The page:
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158: Supply and demand scenarios - oil boom and the property investors insights

09-08-2007 team

We’ve supplied some insights into aspects of the oil and energy business that can be used to give property investors the best insights into:

·         How to hedge for when the big oil price hike comes

·         What areas to avoid and which areas to gravitate to in case price rises

·         Boom town areas

Oil Supply - Mid Case: We’ve now gone a further step forward - we have done an analysis of all oil producing countries historical production. We then went through every country and have predicted the actual maximum reasonable production they can achieve from mid 2007 until 2015. This assumes:

·         Current trends in production decline and growth in countries

·         Saudi Arabia is able to ramp up from its current production level of 8.8 million barrels and day to 11 million.

·         No major disruptions occur – and no major large discoveries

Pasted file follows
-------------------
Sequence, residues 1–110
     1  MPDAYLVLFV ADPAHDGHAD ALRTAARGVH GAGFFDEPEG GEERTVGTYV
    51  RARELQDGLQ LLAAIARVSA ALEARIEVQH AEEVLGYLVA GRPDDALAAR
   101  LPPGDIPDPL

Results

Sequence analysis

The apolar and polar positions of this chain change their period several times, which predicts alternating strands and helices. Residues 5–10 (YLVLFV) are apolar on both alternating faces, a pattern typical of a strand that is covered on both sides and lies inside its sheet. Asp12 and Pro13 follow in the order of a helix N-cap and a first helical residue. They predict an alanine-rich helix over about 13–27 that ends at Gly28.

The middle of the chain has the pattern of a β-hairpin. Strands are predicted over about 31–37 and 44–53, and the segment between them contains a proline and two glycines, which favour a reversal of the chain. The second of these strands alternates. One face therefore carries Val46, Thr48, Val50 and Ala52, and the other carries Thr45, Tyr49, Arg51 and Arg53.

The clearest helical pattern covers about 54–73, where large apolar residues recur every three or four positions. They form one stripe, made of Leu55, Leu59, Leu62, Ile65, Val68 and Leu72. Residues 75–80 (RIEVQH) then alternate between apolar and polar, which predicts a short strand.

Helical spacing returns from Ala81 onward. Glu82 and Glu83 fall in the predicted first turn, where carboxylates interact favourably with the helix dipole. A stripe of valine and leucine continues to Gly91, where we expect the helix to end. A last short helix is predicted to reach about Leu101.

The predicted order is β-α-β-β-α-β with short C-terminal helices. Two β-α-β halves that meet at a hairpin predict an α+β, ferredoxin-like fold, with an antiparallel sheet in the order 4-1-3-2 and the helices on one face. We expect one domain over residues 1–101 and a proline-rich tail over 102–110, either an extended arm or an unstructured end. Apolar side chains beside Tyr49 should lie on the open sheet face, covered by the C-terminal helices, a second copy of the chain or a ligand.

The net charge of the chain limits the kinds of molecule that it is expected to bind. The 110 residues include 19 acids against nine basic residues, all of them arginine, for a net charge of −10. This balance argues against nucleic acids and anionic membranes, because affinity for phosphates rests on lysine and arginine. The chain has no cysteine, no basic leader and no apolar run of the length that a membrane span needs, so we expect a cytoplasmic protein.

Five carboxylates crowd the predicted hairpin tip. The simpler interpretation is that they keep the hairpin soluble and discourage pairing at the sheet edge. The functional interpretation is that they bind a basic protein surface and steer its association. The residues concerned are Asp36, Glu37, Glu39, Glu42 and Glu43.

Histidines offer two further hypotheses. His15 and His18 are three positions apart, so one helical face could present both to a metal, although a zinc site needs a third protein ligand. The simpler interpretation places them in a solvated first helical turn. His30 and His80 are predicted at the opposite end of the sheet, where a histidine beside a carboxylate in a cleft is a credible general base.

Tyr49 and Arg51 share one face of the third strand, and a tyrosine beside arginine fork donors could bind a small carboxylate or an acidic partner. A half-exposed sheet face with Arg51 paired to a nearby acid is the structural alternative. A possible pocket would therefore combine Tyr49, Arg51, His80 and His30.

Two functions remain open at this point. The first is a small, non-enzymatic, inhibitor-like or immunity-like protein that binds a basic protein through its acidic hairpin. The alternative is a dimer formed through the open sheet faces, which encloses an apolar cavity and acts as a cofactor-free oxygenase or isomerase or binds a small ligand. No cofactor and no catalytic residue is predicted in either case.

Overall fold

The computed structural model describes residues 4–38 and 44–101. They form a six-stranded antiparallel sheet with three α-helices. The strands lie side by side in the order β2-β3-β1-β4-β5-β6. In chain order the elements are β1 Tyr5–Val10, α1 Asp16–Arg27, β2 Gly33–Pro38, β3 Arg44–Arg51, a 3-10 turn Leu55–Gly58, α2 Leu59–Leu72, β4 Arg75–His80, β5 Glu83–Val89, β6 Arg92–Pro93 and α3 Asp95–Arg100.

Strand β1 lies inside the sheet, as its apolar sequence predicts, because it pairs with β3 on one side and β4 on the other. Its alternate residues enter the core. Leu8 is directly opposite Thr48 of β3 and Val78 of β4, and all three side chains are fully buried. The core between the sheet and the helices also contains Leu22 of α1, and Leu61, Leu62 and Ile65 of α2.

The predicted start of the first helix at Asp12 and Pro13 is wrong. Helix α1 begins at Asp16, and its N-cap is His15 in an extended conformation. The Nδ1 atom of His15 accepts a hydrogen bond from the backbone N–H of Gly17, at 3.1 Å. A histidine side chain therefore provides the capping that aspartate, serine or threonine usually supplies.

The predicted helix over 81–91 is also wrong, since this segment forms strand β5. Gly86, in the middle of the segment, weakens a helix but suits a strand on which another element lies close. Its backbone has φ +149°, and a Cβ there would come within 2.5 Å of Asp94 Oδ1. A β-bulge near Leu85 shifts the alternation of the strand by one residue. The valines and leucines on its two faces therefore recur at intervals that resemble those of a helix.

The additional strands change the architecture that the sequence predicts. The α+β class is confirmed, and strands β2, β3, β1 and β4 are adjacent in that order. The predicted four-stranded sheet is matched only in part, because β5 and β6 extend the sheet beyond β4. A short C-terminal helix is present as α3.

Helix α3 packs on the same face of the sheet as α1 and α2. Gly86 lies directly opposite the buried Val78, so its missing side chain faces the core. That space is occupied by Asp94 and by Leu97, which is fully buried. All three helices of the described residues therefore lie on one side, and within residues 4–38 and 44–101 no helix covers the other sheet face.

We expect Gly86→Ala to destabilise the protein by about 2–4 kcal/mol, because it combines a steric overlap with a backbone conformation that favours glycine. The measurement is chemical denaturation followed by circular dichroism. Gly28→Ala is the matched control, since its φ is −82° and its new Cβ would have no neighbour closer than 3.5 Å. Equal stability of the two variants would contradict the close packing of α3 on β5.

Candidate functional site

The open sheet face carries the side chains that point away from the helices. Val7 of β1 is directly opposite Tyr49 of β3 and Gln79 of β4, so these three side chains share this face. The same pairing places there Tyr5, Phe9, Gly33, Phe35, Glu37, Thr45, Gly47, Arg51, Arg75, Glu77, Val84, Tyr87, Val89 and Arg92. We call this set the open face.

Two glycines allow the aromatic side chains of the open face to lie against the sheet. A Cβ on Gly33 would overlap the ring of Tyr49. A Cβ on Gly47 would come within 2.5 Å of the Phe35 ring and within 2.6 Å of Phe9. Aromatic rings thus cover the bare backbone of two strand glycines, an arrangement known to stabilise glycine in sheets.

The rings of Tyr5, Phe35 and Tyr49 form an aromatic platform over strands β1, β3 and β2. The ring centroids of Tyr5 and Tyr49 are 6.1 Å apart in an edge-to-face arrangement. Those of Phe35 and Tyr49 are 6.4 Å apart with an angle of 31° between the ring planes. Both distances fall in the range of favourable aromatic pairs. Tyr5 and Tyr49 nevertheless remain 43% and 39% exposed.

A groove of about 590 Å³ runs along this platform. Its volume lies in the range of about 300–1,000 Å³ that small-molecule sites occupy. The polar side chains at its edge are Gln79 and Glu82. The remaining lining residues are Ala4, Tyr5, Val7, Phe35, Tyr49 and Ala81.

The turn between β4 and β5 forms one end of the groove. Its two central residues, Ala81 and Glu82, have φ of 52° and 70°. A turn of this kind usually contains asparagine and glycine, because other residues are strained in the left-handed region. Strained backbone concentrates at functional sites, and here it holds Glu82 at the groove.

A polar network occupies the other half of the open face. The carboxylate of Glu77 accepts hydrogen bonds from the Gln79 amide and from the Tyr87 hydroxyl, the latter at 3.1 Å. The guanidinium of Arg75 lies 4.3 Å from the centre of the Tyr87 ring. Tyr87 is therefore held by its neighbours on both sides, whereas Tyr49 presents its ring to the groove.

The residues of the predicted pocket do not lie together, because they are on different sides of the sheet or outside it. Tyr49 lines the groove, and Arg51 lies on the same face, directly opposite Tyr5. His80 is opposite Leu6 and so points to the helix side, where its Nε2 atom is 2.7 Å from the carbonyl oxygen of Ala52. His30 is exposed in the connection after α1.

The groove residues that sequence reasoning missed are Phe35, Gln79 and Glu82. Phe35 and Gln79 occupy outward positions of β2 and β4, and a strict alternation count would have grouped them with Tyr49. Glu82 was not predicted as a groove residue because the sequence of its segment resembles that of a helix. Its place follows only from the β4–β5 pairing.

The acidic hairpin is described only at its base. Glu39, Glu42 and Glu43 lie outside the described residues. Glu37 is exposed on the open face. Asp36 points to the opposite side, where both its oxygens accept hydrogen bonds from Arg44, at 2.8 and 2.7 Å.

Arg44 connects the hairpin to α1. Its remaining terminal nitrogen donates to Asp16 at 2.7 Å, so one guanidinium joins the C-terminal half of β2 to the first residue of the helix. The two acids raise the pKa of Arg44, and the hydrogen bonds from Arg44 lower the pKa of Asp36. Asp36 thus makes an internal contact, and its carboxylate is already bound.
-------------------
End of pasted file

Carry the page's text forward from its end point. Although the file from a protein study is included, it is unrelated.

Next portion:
This is what we call our mid case – our P50 expectation level of oil production. It’s most likely to be rather optimistic – it assumes OPEC are able (or want to) increase production – and Russia and Venezuela also produce at a high rate.

Oil Supply - High Case: We then modeled a high case production scenario in which every country that has growing production was able to grow at an additional 1% per annum up until 2015 – a tall order. It also assumes Saudi Arabia is able to ramp quickly up to 11.5 million barrels a day and maintain this plateau – another tall order. We then took every country that has  declining oil production (mostly around 3-5%) were each able to arrest this decline by 1% - so instead of a 5% decline per annum, the country would decline by only 4%. All these upsides are optimistic, but if oil prices skyrocketed to say $150 / barrel without any marked change in demand, then it possible producing countries would throw massive resources at their oil fields and achieve this. Unlikely but possible. There could also be a gigantic oil field that was bought on stream quickly – again, unlikely but possible.